DTF Review | Shibboleth: Examining the walls that run through Northern Irish heads
Belfast’s Peace Walls, like shibboleths, are designed to keep people separated. But Stacey Gregg’s restless new play constructs them as an inhibiting prison
Can there be such a thing as peace without reconciliation? That is the logic behind Belfast’s so-called Peace Walls, which have grown in staggering numbers since the peace process. “It’s a big 12-foot-high wall between Themens and Usens, to keep the peace,” an indifferent construction worker, Alan (Andy Kellegher), explains to his young son. There is an acrid wit in Stacey Gregg’s new play, centred around the extension of such a wall, that “Themens” and “Usens” are never explicitly named, as though belief in division itself had eclipsed actual identity.
Perhaps that’s why the wall in Gregg’s play has its own voice, supplied by the versatile singer Cara Robinson, as insatiable and insistent as the plant in Little Shop of Horrors: “Build me.” In Paul Keogan’s design, the wall is assembled by five brickies steadily lowering descending coloured blocks, as though engaged in a manual game of Tetris. Bright and unreal, that is also the tone of Gregg’s comedy and director Hamish Pirie’s frenetic production.
Alan, who is most ambivalent about the worth of another wall, frets about his wife Ruby’s (Kerri Quinn) intention to place their son in an integrated school. The production’s ethos, though, is almost chaotically integrationist: everything is welcome. An electronic display flashes information about barriers throughout the world, from Berlin to Kashmir, in side-commentary. A conversation between Piotr Bauman’s stoic Polish builder and his ambitious daughter Agnieszka (Sophie Harkness) takes place partly in Polish. On site, the workers’ conversations slip frequently into a poetic unified consciousness, or a mantra of groupthink. And almost every scene is divided by one of James Fortune’s genre-hopping musical interludes.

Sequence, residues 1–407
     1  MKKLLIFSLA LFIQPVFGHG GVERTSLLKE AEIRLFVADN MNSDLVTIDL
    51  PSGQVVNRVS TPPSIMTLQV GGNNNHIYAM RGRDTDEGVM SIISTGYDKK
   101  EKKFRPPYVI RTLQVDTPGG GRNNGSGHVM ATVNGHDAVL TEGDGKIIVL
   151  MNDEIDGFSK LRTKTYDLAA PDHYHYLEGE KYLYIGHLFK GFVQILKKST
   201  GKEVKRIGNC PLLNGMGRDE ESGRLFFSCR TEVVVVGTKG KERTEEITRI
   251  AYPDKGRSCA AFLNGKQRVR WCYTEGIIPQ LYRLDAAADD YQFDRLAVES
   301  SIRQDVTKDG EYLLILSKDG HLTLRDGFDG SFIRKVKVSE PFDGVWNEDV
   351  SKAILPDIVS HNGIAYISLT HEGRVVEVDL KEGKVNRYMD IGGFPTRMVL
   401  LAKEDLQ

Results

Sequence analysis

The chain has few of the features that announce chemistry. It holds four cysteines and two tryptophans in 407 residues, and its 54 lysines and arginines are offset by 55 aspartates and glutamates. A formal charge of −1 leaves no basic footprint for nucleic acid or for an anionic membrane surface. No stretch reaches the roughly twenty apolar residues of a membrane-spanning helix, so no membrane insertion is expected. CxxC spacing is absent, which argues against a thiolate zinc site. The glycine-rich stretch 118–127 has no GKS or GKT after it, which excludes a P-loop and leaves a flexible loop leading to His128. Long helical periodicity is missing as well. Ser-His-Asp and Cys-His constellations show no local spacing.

It doesn’t all work: some adventurous sequences are needlessly extended, while striking devices, such as a symbolically realised smoke break, are later discarded for the real thing. But a restless, playful approach that resists coherent identity seems to be the point here, perhaps even the antidote. Through Louise Matthew’s cynical councillor, the play adumbrates the economic exploitation of Peace Walls, but in one giddily self-aware moment, it responds to a big political question with a comical shrug. It’s not that kind of play.
Still, Gregg has a point to make. Walls, like shibboleths, are intended to keep people separated, but they become something more imprisoning. Rhys Dunlop’s enjoyably self-preening Corey and Conor MacNeil’s gormless Mo are young inarticulate males struggling against a dim sense of history and insufficient opportunities in a brash new Belfast, as alert to received prejudice or open-mindedness from the older builders. “The wall runs through people’s heads,” says one character, and this one becomes all consuming.
The youthful perspective of the play, a refreshingly anarchic addition to drama about Northern Ireland, anticipates a time when such barriers have lost all meaning, but they cast a shadow for as long as they stand.
Until Oct 31